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Review of the Flow Chronicles by the Urban Hermitt

I wrote this review a couple of years ago, but it was never published anywhere. Now I am posting it here.

The Flow Chronicles
The Urban Hermitt
Microcosm Publishing

I read a couple issues of the Urban Hermitt’s eponymous zine a few years ago and really enjoyed them, so I was excited when my partner sent me a copy of The Flow Chronicles, Hermitt’s first book. Like the zines, this book was super fun to read!

Hermitt writes about coming of age and coming out as a tomboy dyke, avoiding creepy hippy men and trying to hook up with hot sexy women. From crappy foodservice jobs to drug experimentation, Hermitt chronicles a young adult life that I can relate to.

I read this book quickly—tore through it in a few hours—and got a kick out of it as an easy and entertaining read. I chuckled a lot at Hermitt’s social awkwardness, but in an empathetic rather than mean way. In many situations, Hermitt’s embarrassed discomfort could have been my own.

I appreciated Hermitt’s rap poking gentle fun at “ a pc kind of love.” Here’s a sample:

“I first met you at the Recycling Center.
Your tee-shirt said you were a ‘Green Party Member.’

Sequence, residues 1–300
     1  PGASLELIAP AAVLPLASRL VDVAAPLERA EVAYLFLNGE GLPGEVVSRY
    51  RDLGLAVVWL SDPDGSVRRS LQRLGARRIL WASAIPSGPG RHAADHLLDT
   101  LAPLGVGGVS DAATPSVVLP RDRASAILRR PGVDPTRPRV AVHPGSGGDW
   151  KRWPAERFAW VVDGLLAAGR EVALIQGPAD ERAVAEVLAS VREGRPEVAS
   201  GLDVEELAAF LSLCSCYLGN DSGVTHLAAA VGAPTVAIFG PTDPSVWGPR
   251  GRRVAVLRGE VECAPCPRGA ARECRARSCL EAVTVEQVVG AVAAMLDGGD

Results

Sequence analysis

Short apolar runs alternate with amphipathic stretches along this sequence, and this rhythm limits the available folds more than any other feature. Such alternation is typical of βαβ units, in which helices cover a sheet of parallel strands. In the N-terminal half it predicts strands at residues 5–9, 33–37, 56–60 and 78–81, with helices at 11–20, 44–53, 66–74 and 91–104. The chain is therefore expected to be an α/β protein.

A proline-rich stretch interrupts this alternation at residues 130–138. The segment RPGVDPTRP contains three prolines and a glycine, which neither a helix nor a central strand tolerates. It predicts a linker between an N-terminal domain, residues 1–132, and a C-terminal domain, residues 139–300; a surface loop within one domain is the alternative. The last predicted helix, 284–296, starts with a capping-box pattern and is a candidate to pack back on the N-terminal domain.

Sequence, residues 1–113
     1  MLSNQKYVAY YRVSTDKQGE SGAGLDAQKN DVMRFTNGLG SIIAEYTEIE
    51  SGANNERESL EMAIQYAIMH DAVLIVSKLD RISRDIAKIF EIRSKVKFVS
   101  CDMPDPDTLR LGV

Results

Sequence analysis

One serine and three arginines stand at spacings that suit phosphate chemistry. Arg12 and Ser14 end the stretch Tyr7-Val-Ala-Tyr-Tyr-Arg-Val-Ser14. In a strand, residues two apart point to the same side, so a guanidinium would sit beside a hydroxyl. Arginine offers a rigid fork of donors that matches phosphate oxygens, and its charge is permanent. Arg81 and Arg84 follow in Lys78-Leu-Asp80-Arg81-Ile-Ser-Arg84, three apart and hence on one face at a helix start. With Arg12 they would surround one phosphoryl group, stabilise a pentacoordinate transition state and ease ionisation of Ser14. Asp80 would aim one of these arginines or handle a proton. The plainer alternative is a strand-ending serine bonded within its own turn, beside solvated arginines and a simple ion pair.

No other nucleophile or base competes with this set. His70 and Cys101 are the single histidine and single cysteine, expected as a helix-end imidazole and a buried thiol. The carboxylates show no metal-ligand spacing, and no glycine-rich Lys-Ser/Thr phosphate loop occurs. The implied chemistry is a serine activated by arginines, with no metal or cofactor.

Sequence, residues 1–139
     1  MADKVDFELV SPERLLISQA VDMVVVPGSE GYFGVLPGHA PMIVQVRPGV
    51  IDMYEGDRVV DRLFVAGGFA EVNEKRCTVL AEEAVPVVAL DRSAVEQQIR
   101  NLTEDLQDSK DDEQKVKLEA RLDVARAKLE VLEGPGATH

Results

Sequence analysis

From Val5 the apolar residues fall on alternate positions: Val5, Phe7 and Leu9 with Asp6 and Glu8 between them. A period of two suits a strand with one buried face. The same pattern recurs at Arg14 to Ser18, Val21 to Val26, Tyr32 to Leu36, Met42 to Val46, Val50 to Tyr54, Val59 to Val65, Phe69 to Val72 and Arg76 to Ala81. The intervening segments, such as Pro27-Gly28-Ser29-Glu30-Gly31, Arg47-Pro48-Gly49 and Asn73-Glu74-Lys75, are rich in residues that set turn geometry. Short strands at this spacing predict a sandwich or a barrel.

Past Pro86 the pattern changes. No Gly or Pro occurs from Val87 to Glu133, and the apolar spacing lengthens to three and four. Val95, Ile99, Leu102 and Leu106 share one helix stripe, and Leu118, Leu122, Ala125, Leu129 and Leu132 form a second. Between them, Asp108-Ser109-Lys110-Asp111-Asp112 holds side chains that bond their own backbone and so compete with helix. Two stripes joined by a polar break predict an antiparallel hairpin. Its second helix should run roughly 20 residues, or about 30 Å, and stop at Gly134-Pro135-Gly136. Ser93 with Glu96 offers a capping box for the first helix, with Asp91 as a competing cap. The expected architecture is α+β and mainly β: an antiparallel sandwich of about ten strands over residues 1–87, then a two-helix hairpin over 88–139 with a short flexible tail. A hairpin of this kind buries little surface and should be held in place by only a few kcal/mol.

You were eating apricot flavored cliff bars.
You came here by a vegetable oil run car.”

I found it rather amusing, as I’ve many times met the type of people this rap is about. Heck, in some ways I am the type of person this rap is about, but I can still appreciate its humor.

For folks who maybe don’t understand all of the terms used by Hermitt and an assortment of friends, housemates, and co-workers, “The Urban Hermitt Style Dictionary” is included at the end of the book. Now you too can learn the meanings of cool words from “andro” to “yoni.”

I do have a couple of criticisms of the book. It’s full of typos, but I’m not sure if they are genuine flaws or if they were thrown in to increase the writing’s down and dirty street cred. In any case, I found them annoying and distracting. I was also slightly irritated by the “letters” that the Hermitt uses to advance the plot. I understand that they are supposed to break the monotony of Hermitt’s first person narrative, but while they are often humorous, I think they also interfere with the smooth progress of the story.

Despite those minor flaws, I highly recommend this book to anyone who needs some light and funny reading.

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